Submitted by smorales_1281 on Mar 11,2019
Japan Introduces New Regulations for Objects Falling Off Airplanes
Beginning on March 15, 2019, for Charter flights, and on March 30, 2019, for Private flights, Japan will begin requiring two new signed documents from operators wishing to conduct flights to 31 airports in the country. The first document is the Statement to Prevent Objects Falling off Airplanes and the second is the Memorandum of Agreement on Relief for Damage caused by Falling Objects from Aircraft.
These are operator specific documents and, once signed and submitted, they remain in effect until the operator makes a written request to annul them. A signed copy of the first document can be sent electronically to a qualified ground handling agent in Japan who will ensure it is filed with Ministry of Land, Infrastructure, Transport and Tourism (MLIT).
However, for the second document, an original signed version is required to be filed with MLIT and will need to be mailed. Some ground handlers are prepared to sign this document on the operators’ behalf if a representative of the operator signs a Power of Attorney allowing them to do so. This will alleviate waiting for the original document to be mailed which could potentially delay a trip.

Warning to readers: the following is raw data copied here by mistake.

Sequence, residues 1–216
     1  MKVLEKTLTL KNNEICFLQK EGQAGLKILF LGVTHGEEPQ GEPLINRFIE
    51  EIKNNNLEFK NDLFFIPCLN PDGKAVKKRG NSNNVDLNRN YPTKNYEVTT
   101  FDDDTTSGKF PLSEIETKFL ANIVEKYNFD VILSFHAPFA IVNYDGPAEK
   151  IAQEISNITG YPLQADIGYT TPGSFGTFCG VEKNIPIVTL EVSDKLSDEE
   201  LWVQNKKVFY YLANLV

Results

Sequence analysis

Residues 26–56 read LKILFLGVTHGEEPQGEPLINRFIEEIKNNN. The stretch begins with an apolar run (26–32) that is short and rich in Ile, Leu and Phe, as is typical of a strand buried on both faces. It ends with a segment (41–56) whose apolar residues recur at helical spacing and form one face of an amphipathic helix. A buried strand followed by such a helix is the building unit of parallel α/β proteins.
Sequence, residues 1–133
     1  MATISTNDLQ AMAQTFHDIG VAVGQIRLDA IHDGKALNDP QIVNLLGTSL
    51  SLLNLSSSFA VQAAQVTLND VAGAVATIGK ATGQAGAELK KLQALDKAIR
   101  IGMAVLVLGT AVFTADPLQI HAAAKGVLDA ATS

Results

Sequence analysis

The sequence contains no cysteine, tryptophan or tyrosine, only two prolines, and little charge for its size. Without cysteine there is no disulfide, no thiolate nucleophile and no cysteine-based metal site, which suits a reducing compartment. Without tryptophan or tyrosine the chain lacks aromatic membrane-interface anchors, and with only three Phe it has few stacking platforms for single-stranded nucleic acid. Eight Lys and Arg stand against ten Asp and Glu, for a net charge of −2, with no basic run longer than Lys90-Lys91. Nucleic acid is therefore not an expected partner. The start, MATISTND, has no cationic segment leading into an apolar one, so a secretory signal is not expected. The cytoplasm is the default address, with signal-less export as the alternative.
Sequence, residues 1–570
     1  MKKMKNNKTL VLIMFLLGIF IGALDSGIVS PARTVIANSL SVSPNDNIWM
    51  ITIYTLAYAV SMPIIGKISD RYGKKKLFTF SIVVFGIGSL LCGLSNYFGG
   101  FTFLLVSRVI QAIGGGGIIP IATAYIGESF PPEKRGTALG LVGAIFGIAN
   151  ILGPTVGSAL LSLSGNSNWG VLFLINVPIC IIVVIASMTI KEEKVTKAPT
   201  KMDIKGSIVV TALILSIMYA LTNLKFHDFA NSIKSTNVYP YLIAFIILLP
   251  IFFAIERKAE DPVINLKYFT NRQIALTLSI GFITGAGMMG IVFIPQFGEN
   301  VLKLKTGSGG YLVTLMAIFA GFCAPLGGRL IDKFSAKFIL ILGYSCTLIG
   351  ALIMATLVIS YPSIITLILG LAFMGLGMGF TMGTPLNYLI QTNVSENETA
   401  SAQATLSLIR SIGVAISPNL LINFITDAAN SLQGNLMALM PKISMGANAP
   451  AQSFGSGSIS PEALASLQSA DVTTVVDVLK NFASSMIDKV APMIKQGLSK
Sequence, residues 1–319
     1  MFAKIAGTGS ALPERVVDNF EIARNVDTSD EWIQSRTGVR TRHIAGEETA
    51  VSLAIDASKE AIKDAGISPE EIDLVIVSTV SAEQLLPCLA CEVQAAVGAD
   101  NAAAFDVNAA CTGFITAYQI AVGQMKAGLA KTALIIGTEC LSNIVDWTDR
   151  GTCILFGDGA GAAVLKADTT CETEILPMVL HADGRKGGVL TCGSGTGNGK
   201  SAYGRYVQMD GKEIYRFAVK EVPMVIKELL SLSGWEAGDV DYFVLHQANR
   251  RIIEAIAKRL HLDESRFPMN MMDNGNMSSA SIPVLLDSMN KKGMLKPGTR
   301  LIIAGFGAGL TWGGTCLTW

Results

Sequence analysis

- Medevac flights
- Aircraft with an MTOW less than 5700 kgs
Incidents of Falling Objects
Japan began taking actions in March 2018 to establish enhanced measures to prevent objects falling off airplanes that consists of various stakeholders such as airlines, maintenance organizations, and aircraft manufacturers.
These measures have been put into effect due to public outcry based on the rising number of objects falling from aircraft in Japan. Most notable were an incident in 2017 where a 4.3 kg panel fell from a commercial aircraft onto a car in Osaka, and an aircraft engine failure in Kumamoto that sent more than 100 metallic fragments onto the ground, houses, and cars.
Security level: 1
Crime and infrequent demonstrations are the primary security concerns for travelers to Japan. North Korean missile launches and nuclear tests have the potential to affect the security environment. The threat of terrorist attack in Japan is low, but concerns have increased regarding the terrorist presence across Asia in general. Natural disasters, including tropical cyclones and seismic activiy, regularly occur in Japan.
World Fuel Services partners with UnitedHealthcare Global Risk to offer superior security intelligence and risk mitigation services. Special reports are provided by UnitedHealthcare Global Risk.
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About the Author
Pete Bennett - Manager, Global Trip Support, Singapore
As Manager, Global Trip Support, Singapore for World Fuel Services, Pete Bennett oversees the day-to-day operations of the Singapore, Shanghai, and Mumbai Trip Support teams. Since joining World Fuel Services in 2004, he has been instrumental in the development of the International Trip Support department, having held positions as Operations Team Supervisor and Operations Floor Supervisor before being promoted to Trip Support management in 2009. He is currently based in the World Fuel Services Singapore office where he has been since July 2016. Pete holds an FAA Dispatch License and a Private Pilot Certificate.